M. Sage ~ Wants a Diamond Pivot Bright

M. Sage gathers a stellar collection of collaborators on Wants a Diamond Pivot Bright: Ned Milligan, Josh Mason, Hakobune and more.  But the real star of the project is Wallace Stevens.  Each track is inspired by and named for a line in one of his poems, and reading the full poems while listening to the music brings a keen pleasure.  In this context, the contrast between indoor rustlings and outdoor beauty becomes the beckoning of “On the Surface of Things,” while playful percussion and guitar embody the line there is no pith in music, a line that one might not encounter without knowing the source.  The music opens up the poems like the poems open up the world.

The bells of “To Sleep or Just to Lie There Still” are as lovely as the sound of wind chimes as one lies in bed, half-dreaming.  Stevens’ poem continues, “Just to be there, just to beheld / That would be bidding farewell, bidding farewell.”  Sage and Milligan present an aural form of contemplation common to ambient music, but shared with poetry.  In like manner, “Valley Candle” is about a candle, but it’s not really about a candle, and the wind heard in the piece is not really the wind, but something comforting or foreboding, depending on the interpretation.  To walk the line is difficult, but Sage and Patrick Shiroishi manage the balance.

“The Cat Forgotten in the Moon” is a lovely title, taken from “A Rabbit as King of the Ghosts.”  One can imagine the animals, the fur, the grass, the sense that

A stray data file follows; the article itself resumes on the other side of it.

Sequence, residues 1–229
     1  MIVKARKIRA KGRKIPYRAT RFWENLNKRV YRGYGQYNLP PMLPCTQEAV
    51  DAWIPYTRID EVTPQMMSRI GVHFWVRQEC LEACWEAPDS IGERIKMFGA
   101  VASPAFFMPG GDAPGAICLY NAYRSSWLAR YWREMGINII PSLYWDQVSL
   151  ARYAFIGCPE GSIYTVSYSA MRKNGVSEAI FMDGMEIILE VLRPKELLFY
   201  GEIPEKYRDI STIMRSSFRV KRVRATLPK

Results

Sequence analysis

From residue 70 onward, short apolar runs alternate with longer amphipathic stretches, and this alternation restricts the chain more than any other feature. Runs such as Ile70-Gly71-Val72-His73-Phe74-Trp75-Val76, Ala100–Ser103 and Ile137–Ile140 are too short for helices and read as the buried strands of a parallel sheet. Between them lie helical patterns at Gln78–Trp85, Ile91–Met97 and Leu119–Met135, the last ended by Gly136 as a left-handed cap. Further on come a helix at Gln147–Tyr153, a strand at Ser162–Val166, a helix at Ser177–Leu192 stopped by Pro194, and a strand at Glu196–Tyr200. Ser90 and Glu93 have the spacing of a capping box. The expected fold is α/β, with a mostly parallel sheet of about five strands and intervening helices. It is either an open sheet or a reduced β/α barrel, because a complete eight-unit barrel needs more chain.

The trees around are for you,
The whole of the wideness of night is for you,

A self that touches all edges

Age has encroached; time has accelerated; distractions have proliferated; as Stevens writes, a horror of thoughts that suddenly are real.  Already in the first hundred flakes of snow we have lost our sense of poetry.  As Sage and Chris Jussell profer, “We Must Endure Our Thoughts All Night, Until,” quoting “Man Carrying Thing,” without defining what the thing is.  The time of year has grown indifferent, writes Stevens, and will not relent.  But as Stevens combines melancholy with medicine, Sage and Lee Noble decorate “The Mildew of Summer” with birdsong.

Over and over, Stevens observes, asks questions, answers them, rephrases them, steps back and observes again.  This is the manner in which Sage approaches his music.  Is there a more ambient title than “On the Manner of Addressing Clouds?”  Wisps and puffs operate as reflections of both word and interpretation, honoring the “speech like music so profound / They seem an exhalation without sound.”  The constant presence of nature in Steven’s poems is the backdrop of ambience; the pairing is well made.  In like manner, it is fitting to quote the final words of the album’s final (instrumental) poem:

Space-filled, reflecting the seasons, the folk-lore
Of each of the senses; call it, again and again,
The river that flows nowhere, like a sea.

Richard Allen

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